Pier 21 and the Little Estonian Ship of Freedom (5)
Archived Articles 25 Jun 2004 Ants TammemägiEWR
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There are many reasons to visit Halifax. Dominated by a stone fortress that sits high astride a hill, it is a maritime city with a bustling harbour, elegant seafood restaurants, a rich history, and rugged coastal beauty.

The best reason, however, is on a dock at the south end of the downtown waterfront in an unassuming large brick warehouse. Called Pier 21, it is a place that has shaped our country and about 20% of Canadians have a direct link to this place. Nowhere will you gain a better perspective of the cultural mosaic that is such a vital and vibrant characteristic of Canada.

Today, gigantic cruise ships dock here, and disembark thousands of smiling tourists to the welcoming swirl of kilts and bagpipes. But from 1928 to 1971 this was the gateway to Canada, where over a million immigrants landed seeking a better life and freedom.

In 1999, Pier 21 was opened as a National Historic Site with award-winning displays recreating the experience of newly landed immigrants. There are many heart-rending stories and the short film, [i]Oceans of Hope[i], leaves hardly a dry eye in the theatre as it shows emotional vignettes of immigrants arriving at Pier 21, and the painful experiences of young Canadian soldiers who went and came from this dock in the thousands during the war.

Pier 21 is particularly poignant for Estonians. In the years after World War II the Soviet Union, claiming that Estonians and other Balts were Soviet citizens, placed strong pressure on Sweden and Finland to deport them. When Sweden capitulated and sent 167 refugees back to Russia, many Estonians, my parents included, sought safety in Canada.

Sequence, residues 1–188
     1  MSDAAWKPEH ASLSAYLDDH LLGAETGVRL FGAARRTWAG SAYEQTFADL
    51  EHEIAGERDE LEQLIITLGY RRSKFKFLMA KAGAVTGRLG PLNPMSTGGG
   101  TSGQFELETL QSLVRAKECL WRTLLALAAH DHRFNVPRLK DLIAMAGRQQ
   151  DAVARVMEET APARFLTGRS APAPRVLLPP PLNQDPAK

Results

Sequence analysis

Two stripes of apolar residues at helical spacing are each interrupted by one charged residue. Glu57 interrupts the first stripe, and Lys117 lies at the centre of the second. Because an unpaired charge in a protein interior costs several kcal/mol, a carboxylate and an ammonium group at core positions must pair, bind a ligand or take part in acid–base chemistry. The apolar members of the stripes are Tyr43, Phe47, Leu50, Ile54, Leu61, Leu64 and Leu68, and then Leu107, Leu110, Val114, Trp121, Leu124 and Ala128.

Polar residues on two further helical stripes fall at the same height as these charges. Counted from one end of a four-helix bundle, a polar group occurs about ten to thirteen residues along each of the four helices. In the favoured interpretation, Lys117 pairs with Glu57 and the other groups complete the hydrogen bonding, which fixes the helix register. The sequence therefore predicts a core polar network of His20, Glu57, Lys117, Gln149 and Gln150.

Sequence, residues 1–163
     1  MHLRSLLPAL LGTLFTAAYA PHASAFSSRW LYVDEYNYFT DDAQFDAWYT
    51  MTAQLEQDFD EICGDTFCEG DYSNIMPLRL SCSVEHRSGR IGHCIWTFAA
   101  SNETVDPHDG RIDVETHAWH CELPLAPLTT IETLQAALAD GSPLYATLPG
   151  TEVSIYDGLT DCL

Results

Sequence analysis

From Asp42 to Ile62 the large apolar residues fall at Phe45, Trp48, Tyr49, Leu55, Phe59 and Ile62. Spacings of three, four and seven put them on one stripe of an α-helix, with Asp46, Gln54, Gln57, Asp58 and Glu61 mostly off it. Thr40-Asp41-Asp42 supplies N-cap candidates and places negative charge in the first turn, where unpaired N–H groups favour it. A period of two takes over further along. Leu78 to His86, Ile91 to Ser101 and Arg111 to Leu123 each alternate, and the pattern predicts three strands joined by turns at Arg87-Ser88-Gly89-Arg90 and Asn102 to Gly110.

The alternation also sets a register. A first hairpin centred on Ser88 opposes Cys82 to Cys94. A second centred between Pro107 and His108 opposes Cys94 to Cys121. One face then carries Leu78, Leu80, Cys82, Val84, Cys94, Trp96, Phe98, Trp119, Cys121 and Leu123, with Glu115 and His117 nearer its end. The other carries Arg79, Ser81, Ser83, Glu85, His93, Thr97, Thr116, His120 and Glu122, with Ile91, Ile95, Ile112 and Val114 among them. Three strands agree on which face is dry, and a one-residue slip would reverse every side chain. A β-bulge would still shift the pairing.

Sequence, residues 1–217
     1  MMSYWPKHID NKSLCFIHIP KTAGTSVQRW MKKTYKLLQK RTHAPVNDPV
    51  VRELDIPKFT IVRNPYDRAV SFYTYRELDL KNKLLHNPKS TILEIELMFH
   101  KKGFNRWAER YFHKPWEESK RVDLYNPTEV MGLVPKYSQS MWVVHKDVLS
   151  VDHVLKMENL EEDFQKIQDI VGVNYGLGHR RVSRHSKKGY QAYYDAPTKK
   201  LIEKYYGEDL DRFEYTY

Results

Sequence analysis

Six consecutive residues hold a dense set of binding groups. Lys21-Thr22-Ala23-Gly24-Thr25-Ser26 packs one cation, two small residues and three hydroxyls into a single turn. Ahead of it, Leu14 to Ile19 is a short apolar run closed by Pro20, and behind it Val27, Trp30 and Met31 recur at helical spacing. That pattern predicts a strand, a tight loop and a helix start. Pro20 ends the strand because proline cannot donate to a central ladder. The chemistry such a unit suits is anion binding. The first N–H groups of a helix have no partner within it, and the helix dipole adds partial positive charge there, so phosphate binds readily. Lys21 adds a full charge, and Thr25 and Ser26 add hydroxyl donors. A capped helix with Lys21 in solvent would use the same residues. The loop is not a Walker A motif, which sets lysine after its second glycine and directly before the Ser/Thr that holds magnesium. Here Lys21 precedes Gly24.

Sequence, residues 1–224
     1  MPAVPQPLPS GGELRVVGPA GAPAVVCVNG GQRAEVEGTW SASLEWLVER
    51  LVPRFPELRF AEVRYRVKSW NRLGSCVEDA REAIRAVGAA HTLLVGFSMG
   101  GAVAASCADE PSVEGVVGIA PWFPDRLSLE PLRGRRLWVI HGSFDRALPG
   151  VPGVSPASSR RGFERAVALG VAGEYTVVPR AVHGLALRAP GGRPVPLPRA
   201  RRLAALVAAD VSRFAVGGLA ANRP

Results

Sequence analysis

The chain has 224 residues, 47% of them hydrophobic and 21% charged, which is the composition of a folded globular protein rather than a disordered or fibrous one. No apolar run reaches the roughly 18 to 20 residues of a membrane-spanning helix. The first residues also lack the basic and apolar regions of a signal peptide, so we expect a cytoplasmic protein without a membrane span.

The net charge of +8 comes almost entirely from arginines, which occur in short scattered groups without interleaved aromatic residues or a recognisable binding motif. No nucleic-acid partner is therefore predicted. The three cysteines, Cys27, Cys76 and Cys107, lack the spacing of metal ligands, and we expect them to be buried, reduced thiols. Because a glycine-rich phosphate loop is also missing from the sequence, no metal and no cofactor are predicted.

As I wandered amongst the displays, I could picture my mother and father here in 1950 all their possessions in a clutch of suitcases, not speaking English, and with me (age five) and my one-year old brother in tow. An interactive computer display yielded information on the ship, [i]Samaria[i], on which we sailed in third class. The resource centre provided more
information and application forms to release the details of our arrival from archives.

One display, in particular, captures the desperation and fear at that time. It tells the story of a small ship, the [i]Walnut,[i] which carried 347 passengers, mostly Estonians, including 70 children, from Gothenburg, Sweden, across a stormy Atlantic to Pier 21. The [i]Walnut[i] was purchased by the passengers and, probably in fear of Soviet reprisal, was registered in Panama and flew the blue and white Honduran flag. For safety reasons, Swedish authorities allowed only 298 people aboard. The remaining 49 people skirted the problem by hiding below decks.

The voyage lasted 26 days, and must have been sheer misery. The [i]Walnut[i], a wartime minesweeper, was not designed for passengers and was badly overcrowded with the passengers living in makeshift "mail slots." As the captain later reported, few passengers ate well or regularly. And those with food likely did not keep it down long, for the North Atlantic in
December is a treacherous place, and two storms blew the tiny [i]Walnut[i] far off-course, tossing it about like a matchstick.

The problems did not end when the ship finally reached Halifax on December 13, 1948, for the arrival was illegal and the passengers, none of whom had valid visas, were placed in detention. But the news media and the local population championed these brave refugees and they were soon allowed
entry. That Christmas season was joyous indeed for these new Canadians, who demonstrated their national talent by forming a choir and singing at the Halifax Lutheran church. "DPs make merry at New Year," read a headline in the [i]Halifax Mail[i].

Now those refugees and their children and grandchildren are spread all across Canada, and the [i]Walnut[i] is but a distant memory.

Leaving, I looked back at the big brick warehouse and goose bumps formed on my skin and a small tear welled in the corner of my eye. After many decades, a window had unexpectedly opened and cast a beam of light on my personal past and on my national heritage. I was pleased that these memories will be preserved and showcased here on this Halifax wharf.

More information: www.pier21.ca



 
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